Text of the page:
A cultural critique of gun litigation

Dan M. Kahan, Donald Braman, John Gastil

Research output: Chapter in Book/Report/Conference proceedingChapter

4 Scopus citations

Abstract

Like nearly all contentious political issues in our society, gun control has made its way to court. Is the new wave of lawsuits against the firearms industry a positive development? We don't think so. But our opposition to America's gun litigation isn't based on conventional grounds. We don't have an opinion on whether the plaintiffs' claims are well grounded in tort law. We aren't sure whether the remedies the plaintiffs seek would promote or impede public safety. We don't care whether the lawsuits are antidemocratic, disrespectful of federalism, or inconsistent with the Second Amendment. And we are passionately unmoved by the question of whether courts are as fit as legislatures or administrative agencies to craft efficient regulatory standards. We oppose gun litigation because we think it's culturally obtuse. In courts of law, the gun debate is reduced to a set of contested factual claims about the consequences of firearms design and marketing. But in the court of public opinion, the gun debate inevitably broadens into a dispute over conflicting worldviews and the social status of those who adhere to them. Because Americans care just as much about what guns and the regulation of them say-about what we value and who we identify with, about what sort of society we live in, about whose stock is up and whose is down in the market for social prestige-any mode of decision making that focuses only on what guns do is bound to miss the point. It turns out that this deficiency isn't unique to gun litigation. On the contrary, it's characteristic of mainstream gun control discourse wherever it takes place. Academics, criminal justice bureaucrats, and even elected representatives focus obsessively on consequences-"more guns, more crime" or "more guns, less crime"?-and stand mute on the broader cultural significance of gun control. And as the persistence and persistent acrimony of the gun debate in America attest, this "just the facts, please" approach hasn't gotten us very far. It won't get us any further in the gun litigation, where consequentialist discourse will misfire for the same reasons it has in the political domain. One problem with emphasizing consequences to the exclusion of culture is logical. If citizens care, and care intensely, about the social meanings that guns express, then even indisputable empirical proof of the public safety consequences of a particular gun law won't give citizens sufficient reason to favor or oppose it. No matter what the outcome of the gun litigation, then, the political dispute over guns and gun control can be expected to continue-as the spate of recent statutory immunity provisions illustrates. Another and even more potent objection to obsessive gun consequentialism is psychological. By virtue of a host of cognitive and social mechanisms, what individuals believe about the effects of gun control can't be disentangled from how they feel about them. For this reason, the factual debate inevitably reproduces the cultural-not just in result but in tone as well, since those on both sides inevitably conclude that those who disagree with them on the facts are motivated to do so by bad faith. Thus, however fact focused the gun litigation might look, its results will conform to the cultural priors of those who decide them. The only way to resolve the American gun debate is to make its cultural underpinnings explicit. Policy analysts, elected officials, advocacy groups, and ordinary citizens must focus their attention on constructing procedures and framing policies that dispel the common anxiety that the outcome of the gun debate will necessarily elevate one understanding of what America stands for and denigrate all the others. The emergence of this form of constructive cultural deliberation is singularly unlikely to arise from gun litigation. We will develop these claims in three steps. In section I, we will examine the cultural underpinnings of the American gun debate. To this end, we will analyze the debate within a framework derived from the cultural theory of risk perception, which furnishes a powerful explanation of the mechanisms by which culture shapes factual beliefs about guns and constrains the power of consequentialist arguments to quiet political conflict over them. In section II, we present a critique of the gun litigation, which lacks the power to resolve the American gun debate precisely because it misapprehends the psychological and social dynamics that figure in the cultural theory of risk perception. We conclude with a call for expressive deliberation, a mode of policy-making that we believe holds the key to fashioning gun laws that appeal to Americans of all cultural persuasions.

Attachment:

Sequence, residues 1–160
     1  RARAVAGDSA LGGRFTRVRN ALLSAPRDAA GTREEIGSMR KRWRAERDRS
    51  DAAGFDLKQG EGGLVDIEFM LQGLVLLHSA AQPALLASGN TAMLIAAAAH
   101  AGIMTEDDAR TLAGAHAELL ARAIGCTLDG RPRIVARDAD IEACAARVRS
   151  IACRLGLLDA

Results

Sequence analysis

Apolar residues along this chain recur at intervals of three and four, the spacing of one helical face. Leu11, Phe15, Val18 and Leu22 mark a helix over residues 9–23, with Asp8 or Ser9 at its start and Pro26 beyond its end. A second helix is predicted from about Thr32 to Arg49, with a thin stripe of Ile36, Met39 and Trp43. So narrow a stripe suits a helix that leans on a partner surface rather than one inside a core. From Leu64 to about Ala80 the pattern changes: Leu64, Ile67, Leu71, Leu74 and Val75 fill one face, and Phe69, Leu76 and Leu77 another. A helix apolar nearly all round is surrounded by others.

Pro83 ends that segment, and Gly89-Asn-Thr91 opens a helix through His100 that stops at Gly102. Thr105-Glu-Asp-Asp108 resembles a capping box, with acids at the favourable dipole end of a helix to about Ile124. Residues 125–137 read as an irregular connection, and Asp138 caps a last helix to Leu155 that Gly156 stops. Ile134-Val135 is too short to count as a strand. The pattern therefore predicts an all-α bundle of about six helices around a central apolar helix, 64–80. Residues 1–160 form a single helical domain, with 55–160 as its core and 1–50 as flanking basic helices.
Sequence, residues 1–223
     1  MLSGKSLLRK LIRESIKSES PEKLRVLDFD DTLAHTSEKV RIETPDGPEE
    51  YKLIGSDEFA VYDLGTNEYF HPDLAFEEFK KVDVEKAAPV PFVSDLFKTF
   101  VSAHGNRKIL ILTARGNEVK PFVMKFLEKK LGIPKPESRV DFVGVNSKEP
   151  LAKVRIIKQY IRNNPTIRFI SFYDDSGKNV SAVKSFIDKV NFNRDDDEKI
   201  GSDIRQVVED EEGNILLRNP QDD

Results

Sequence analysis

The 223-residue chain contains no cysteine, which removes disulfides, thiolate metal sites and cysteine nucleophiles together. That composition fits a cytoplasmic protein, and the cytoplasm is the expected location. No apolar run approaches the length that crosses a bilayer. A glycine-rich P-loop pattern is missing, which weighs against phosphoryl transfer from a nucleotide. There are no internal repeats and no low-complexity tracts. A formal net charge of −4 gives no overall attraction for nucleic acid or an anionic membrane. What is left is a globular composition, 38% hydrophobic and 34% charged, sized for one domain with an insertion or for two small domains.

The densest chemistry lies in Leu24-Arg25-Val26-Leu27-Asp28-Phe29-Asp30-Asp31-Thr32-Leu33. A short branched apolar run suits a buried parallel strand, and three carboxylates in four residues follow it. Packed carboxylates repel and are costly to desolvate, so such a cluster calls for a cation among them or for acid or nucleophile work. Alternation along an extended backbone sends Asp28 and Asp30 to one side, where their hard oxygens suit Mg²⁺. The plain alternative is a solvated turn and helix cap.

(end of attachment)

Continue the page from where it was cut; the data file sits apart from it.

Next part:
Original languageEnglish (US)
Title of host publicationSuing The Gun Industry
Subtitle of host publicationA Battle at The Crossroads of Gun Control and Mass Torts
PublisherUniversity of Michigan Press
Pages105-126
Number of pages22
ISBN (Print)9780472032112
StatePublished - Dec 1 2005

All Science Journal Classification (ASJC) codes

  • Social Sciences(all)

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    Kahan, D. M., Braman, D., & Gastil, J. (2005). A cultural critique of gun litigation. In Suing The Gun Industry: A Battle at The Crossroads of Gun Control and Mass Torts (pp. 105-126). University of Michigan Press.